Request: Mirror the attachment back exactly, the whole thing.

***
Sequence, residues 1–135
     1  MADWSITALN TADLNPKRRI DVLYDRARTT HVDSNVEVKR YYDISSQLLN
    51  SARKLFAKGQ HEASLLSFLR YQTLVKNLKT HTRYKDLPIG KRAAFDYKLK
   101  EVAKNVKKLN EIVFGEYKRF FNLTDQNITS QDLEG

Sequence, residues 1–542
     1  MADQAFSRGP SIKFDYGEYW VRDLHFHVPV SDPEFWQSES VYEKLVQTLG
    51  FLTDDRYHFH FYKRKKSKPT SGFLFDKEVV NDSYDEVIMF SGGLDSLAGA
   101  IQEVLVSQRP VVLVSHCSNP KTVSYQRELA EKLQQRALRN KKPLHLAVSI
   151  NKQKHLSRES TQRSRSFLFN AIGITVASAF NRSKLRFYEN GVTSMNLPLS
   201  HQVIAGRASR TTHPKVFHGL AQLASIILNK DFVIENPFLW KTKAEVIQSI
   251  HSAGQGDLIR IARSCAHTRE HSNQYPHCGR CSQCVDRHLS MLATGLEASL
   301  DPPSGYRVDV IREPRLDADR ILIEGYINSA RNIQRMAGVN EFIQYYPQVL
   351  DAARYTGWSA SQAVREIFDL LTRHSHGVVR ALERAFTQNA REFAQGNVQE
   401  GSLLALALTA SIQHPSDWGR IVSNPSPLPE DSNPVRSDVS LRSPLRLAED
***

Sequence, residues 1–135
     1  MADWSITALN TADLNPKRRI DVLYDRARTT HVDSNVEVKR YYDISSQLLN
    51  SARKLFAKGQ HEASLLSFLR YQTLVKNLKT HTRYKDLPIG KRAAFDYKLK
   101  EVAKNVKKLN EIVFGEYKRF FNLTDQNITS QDLEG

Sequence, residues 1–542
     1  MADQAFSRGP SIKFDYGEYW VRDLHFHVPV SDPEFWQSES VYEKLVQTLG
    51  FLTDDRYHFH FYKRKKSKPT SGFLFDKEVV NDSYDEVIMF SGGLDSLAGA
   101  IQEVLVSQRP VVLVSHCSNP KTVSYQRELA EKLQQRALRN KKPLHLAVSI
   151  NKQKHLSRES TQRSRSFLFN AIGITVASAF NRSKLRFYEN GVTSMNLPLS
   201  HQVIAGRASR TTHPKVFHGL AQLASIILNK DFVIENPFLW KTKAEVIQSI
   251  HSAGQGDLIR IARSCAHTRE HSNQYPHCGR CSQCVDRHLS MLATGLEASL
   301  DPPSGYRVDV IREPRLDADR ILIEGYINSA RNIQRMAGVN EFIQYYPQVL
   351  DAARYTGWSA SQAVREIFDL LTRHSHGVVR ALERAFTQNA REFAQGNVQE
   401  GSLLALALTA SIQHPSDWGR IVSNPSPLPE DSNPVRSDVS LRSPLRLAED